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Kith, Kin, and NeighborsCommunities and Confessions in Seventeenth-Century Wilno$
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David Frick

Print publication date: 2013

Print ISBN-13: 9780801451287

Published to Cornell Scholarship Online: August 2016

DOI: 10.7591/cornell/9780801451287.001.0001

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Introduction

Introduction

Chapter:
(p.1) Introduction
Source:
Kith, Kin, and Neighbors
Author(s):

David Frick

Publisher:
Cornell University Press
DOI:10.7591/cornell/9780801451287.003.0016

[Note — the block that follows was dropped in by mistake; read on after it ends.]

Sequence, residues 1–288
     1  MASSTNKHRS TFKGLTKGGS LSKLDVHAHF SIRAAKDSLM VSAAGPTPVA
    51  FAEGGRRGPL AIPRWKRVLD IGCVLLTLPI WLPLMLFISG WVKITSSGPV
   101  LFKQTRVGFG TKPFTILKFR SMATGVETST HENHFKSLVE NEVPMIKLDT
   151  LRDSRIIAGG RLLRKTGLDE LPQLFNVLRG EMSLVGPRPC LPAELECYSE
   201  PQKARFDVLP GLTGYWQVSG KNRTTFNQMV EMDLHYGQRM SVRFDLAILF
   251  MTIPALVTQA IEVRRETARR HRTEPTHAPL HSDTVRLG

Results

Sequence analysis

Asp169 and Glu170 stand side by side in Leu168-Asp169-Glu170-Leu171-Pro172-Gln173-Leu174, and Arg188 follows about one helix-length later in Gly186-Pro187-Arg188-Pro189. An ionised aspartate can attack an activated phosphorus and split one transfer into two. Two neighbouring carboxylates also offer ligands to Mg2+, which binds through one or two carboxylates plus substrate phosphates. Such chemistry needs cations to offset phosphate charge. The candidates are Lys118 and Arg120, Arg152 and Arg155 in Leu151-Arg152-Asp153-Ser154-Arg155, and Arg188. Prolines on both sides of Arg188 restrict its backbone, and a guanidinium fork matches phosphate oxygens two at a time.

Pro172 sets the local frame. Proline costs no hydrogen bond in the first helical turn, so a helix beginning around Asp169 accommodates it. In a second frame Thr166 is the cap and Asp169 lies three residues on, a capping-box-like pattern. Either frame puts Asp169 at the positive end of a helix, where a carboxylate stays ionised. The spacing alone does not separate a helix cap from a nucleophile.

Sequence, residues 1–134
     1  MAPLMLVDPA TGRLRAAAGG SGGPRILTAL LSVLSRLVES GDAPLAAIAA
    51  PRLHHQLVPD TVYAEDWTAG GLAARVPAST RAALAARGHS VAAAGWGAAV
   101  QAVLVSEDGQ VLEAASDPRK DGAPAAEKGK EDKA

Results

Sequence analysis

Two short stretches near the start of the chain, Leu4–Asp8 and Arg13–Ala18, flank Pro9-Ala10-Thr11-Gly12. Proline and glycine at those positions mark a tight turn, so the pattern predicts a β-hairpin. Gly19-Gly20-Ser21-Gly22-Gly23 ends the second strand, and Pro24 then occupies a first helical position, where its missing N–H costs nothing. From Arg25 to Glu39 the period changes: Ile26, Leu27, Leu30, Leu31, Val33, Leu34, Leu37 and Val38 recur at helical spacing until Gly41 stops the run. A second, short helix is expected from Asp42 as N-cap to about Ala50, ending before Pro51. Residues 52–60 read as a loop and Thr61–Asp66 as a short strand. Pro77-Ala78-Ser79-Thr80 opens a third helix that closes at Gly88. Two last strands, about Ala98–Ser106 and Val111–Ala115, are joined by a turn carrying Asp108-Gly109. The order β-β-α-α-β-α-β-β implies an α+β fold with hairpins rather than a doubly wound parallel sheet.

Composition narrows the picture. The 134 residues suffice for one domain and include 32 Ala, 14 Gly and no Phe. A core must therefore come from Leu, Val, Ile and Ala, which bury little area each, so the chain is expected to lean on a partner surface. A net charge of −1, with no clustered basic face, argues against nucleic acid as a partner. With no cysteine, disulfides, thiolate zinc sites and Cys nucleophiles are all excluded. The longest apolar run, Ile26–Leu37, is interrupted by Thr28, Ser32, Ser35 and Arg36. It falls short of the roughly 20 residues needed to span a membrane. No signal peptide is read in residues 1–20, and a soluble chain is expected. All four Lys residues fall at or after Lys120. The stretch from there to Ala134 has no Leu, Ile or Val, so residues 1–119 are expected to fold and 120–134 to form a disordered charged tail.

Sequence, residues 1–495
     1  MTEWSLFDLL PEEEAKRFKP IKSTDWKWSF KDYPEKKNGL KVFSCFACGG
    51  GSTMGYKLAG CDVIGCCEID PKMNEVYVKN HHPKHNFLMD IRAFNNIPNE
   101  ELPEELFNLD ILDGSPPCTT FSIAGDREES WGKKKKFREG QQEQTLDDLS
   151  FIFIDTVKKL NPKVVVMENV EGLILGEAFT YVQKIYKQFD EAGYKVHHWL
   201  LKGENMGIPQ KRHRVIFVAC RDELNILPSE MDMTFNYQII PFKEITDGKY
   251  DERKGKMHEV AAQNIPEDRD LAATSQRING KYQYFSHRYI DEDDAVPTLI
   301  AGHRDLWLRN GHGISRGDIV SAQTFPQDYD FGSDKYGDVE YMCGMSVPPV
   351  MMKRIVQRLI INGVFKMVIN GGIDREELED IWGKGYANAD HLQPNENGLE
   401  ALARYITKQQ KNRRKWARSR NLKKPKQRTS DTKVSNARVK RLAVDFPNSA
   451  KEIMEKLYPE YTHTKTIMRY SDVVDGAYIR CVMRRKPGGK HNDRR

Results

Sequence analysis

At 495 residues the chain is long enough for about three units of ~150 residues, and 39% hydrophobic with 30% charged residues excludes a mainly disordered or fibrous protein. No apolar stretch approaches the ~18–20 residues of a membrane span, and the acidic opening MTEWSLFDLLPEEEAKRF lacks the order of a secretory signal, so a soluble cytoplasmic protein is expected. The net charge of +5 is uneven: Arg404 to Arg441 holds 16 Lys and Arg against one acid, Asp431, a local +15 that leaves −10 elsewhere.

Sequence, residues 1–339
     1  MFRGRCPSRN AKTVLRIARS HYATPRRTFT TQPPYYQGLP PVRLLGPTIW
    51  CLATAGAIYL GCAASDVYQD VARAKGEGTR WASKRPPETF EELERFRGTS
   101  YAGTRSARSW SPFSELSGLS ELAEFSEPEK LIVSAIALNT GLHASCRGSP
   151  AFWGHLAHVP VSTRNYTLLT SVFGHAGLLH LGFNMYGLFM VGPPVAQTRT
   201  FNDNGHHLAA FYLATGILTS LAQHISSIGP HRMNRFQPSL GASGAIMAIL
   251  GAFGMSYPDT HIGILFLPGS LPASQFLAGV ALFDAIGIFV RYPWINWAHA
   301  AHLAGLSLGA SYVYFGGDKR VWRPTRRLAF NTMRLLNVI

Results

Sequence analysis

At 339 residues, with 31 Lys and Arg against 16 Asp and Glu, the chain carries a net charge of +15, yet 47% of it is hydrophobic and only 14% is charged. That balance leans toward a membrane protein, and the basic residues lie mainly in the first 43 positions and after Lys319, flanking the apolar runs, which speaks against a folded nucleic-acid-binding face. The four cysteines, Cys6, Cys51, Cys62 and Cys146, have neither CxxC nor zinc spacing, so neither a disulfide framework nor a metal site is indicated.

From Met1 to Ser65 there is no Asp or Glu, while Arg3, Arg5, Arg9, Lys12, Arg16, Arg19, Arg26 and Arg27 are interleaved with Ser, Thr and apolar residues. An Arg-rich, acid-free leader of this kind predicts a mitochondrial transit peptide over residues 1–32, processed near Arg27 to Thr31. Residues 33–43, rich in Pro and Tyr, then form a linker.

This introductory chapter lays out the groundwork for a study into the human networks of Wilno in the mid-seventeenth century. It presents the reasons for why Wilno is an ideal case study for how a multiethnic and multiconfessional early modern city functioned—as the site of daily interactions among a bewildering array of versions of the two larger cultural spheres of the Romano-Germanic (and partly Slavic) world of Reformation and Catholic Reform on the one hand and Orthodox Slavdom on the other, and as the subject of a number of available historical sources that can provide insights into the “how” of coexistence. The chapter then turns to a brief historical background of the city and presents an overview of the body of historiographical material to be undertaken in this study.

Keywords:   Wilno, human networks, coexistence, early modern cities, multiethnic city, religion

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